In past games, the super powerful weapons, the ones that can one hit a baddass baddie, required some special ammo, which was always a challenge to obtain, making the use said weapon a bit of a moment, here though, that impact is relegated to the basic weapons. As you take down waves of enemies, mech soldiers and everything else that the Third Reich has at its disposal, your ammo count will drop a lot, even more so than what you can reclaim from enemies. This would not be a major issue, if you could collect enough from enemy strongholds and resistance safe houses, but there is a distinct lack of ammo for some of the basic weapons around the world, what there is however are a lot of silver coins and many collectables. The latter of those, actually help fill the world out like never before, from innocuous chats from a guard to codes that help unlock a supply room, they help the world feel real. The coins however undo that, as they are mostly used for cosmetic items and I honestly care very little about them to begin with in any game, in a game that is about shooting Nazi’s, as long as I can do that, the rest matter little. There are upgrades that you can buy with them, but those upgrades are tied to your characters level so there are times when you will have a lot of coin, and very little to spend it on, except some paint jobs.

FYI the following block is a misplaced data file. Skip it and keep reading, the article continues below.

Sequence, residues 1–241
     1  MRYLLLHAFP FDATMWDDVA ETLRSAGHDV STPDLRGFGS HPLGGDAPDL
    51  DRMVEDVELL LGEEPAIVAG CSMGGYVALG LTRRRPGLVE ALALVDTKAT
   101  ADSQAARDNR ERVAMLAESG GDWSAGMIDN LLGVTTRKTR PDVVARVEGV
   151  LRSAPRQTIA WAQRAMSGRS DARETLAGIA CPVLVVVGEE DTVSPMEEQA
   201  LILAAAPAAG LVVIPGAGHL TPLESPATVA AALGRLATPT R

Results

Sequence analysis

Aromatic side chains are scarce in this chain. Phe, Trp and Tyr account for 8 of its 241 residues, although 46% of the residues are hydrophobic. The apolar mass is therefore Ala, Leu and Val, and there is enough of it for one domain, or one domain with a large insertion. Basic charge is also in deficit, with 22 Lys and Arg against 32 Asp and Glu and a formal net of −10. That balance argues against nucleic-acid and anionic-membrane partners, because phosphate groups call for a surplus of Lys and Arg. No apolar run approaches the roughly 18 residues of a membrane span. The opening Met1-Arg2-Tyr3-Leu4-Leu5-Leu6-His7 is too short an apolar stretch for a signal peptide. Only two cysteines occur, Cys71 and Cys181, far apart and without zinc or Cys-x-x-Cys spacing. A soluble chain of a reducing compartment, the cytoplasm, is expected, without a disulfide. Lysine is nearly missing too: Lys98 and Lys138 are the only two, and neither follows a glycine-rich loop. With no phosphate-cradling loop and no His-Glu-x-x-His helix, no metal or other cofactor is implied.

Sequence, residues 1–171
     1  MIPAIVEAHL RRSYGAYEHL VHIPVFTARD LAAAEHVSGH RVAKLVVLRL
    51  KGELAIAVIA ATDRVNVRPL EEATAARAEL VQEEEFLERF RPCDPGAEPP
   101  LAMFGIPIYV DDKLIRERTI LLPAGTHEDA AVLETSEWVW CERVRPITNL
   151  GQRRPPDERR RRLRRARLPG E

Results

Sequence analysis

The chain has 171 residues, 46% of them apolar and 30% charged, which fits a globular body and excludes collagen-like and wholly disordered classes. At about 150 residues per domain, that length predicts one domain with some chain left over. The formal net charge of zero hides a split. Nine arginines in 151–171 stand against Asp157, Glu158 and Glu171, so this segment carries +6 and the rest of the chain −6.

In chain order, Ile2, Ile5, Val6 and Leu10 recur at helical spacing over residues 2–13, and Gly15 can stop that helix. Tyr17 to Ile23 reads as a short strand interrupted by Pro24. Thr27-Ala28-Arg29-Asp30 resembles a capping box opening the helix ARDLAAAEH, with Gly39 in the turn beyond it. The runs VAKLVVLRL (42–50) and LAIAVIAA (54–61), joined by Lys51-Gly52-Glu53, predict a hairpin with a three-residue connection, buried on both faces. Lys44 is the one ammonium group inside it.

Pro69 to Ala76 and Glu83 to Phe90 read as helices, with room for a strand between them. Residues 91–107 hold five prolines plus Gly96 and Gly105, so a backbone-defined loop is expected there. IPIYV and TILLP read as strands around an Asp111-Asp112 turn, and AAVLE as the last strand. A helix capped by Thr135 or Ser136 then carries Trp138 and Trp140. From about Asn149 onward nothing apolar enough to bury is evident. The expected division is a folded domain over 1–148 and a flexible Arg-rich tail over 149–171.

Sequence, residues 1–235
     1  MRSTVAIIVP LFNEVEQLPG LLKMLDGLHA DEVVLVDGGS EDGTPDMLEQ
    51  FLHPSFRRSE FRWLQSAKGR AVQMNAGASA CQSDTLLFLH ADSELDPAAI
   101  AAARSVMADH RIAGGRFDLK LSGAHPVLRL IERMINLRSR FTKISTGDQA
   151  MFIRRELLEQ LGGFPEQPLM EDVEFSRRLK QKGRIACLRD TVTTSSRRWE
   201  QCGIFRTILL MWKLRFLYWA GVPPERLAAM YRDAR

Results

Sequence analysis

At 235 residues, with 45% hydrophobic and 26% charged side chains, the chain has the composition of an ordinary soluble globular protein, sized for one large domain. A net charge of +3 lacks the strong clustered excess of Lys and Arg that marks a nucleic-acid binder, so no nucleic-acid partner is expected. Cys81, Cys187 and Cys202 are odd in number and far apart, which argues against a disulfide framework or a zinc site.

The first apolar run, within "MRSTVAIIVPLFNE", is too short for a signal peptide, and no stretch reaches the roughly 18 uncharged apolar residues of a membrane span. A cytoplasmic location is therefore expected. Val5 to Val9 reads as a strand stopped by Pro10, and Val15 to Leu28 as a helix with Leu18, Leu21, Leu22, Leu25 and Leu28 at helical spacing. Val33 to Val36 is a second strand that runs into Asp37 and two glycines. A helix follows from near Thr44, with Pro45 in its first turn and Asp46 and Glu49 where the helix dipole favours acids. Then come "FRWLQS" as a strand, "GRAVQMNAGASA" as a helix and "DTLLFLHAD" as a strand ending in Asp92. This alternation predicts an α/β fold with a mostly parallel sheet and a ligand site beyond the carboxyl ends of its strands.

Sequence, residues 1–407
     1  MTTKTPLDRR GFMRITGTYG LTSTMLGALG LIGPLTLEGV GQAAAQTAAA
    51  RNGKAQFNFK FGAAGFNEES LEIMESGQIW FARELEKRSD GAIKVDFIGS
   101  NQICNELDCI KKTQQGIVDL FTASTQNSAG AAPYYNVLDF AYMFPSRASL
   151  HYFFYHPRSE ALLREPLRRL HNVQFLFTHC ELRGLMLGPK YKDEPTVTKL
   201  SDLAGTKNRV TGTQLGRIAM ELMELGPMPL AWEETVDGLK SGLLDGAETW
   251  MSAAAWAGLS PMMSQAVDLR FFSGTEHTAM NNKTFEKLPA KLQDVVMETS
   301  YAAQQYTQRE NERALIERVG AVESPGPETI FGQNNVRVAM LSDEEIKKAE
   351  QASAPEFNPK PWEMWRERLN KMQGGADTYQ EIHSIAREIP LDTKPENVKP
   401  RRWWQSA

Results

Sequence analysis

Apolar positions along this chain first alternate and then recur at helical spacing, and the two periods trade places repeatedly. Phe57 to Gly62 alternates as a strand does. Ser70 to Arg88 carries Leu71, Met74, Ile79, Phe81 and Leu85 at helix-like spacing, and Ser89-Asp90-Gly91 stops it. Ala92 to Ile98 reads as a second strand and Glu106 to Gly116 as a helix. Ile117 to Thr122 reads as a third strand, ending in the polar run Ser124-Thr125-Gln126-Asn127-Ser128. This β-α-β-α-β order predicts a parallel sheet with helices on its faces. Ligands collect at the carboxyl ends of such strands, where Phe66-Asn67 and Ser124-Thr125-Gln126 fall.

Of course, the core of the gameplay is that of two characters shooting everything they can and as the game was designed as a co-op experience, that is way you need to play it. There are three ways you can play it actually, online with a friend, online with the chance that a random person will join and offline, meaning just you. Each of the ways of playing has an upside and a downside, the problem is that all of them have a singular downside as well and that is the inability to pause the game. When playing with a friend, you can chat away, making plans and such, the downside, you can’t stealth with two people, it just never works. With a random person, you have the same issue as with a friend, but it can be compounded by the lack of communication, something that was quite the issue on the Switch, as most people did not use any sort of chat enabled headphones. Offline is more of a regular Wolfenstein experience, giving you the freedom to make the choices you want, the catch is that you still am unable to pause the game and now you are reliant on the AI, which is wonky at best. There were times when playing this way, the AI would be across a room and not eager to assist with pulling a lever or helping me up if I fell in combat and then there were times when it would be super responsive to what I was thinking needed to happen.